Experts in atomic energy are skeptical that Brazil has the cutting-edge nuclear technology as it wishes to make the world believe.
Inspectors from the U.N. nuclear agency are in Brazil and will visit today the country’s uranium enrichment facilities.
This visit is part of an effort to ensure that Brazil is adhering to international nuclear safeguards.
Analysts heard by BBC Brazil say that the Brazilian ultracentrifuges that will be partially inspected “may be better than the worse” or simply “a so-so machine.”
The Brazilian authorities have said that their equipment has the ability to enrich uranium with very little wearing down. According to these officials, the machine spins so fast that it “floats in a magnetic field.”
Nothing to call home about, says Henry Sokolski, who worked for the Pentagon between 1988 and 1993. He has not seen Resende’s machine, but has talked about it with people who examined it.
Sokolski, who is today executive director of the Nonproliferation Policy Education Center in Washington, DC, comments: “All the machines float.”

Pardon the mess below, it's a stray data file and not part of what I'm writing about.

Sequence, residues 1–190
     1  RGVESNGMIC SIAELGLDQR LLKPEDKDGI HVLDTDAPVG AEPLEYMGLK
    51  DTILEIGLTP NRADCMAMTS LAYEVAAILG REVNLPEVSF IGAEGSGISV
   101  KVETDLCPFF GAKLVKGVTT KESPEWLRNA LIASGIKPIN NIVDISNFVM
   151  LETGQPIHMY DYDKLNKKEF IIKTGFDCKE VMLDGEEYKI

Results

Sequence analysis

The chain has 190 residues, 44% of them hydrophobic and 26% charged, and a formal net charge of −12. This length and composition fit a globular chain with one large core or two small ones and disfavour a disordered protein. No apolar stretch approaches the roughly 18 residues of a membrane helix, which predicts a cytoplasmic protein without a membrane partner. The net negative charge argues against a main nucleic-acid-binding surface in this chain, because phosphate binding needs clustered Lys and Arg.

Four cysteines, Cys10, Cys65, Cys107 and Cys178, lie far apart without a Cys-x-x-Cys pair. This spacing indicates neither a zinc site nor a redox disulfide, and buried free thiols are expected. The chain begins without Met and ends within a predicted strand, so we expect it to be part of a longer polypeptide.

“Brazilians says that the machine is 30 percent more efficient and that it is unique. But it is not, probably, the most efficient or the newest. How better is it? I don’t know.
“Many experts say that the Brazilian centrifuge is similar to the one called P2, that you can find in Iran and Pakistan,” adds Sokolski.
The inspectors from the International Atomic Energy Agency arrived yesterday in Brazil. Brazilian officials have objected to full visual inspections of their nuclear facilities.
But a deal has reportedly been reached that satisfies Brazil’s concerns about trade secrets and allows the inspectors sufficient access facilities at the plant in Resende to do their work.
The Brazilian government insists its nuclear program is solely to help generate electricity, and not nuclear weapons.
On a visit to Brazil earlier this month, U.S. Secretary of State Colin Powell said he is convinced the country’s nuclear program is entirely peaceful.
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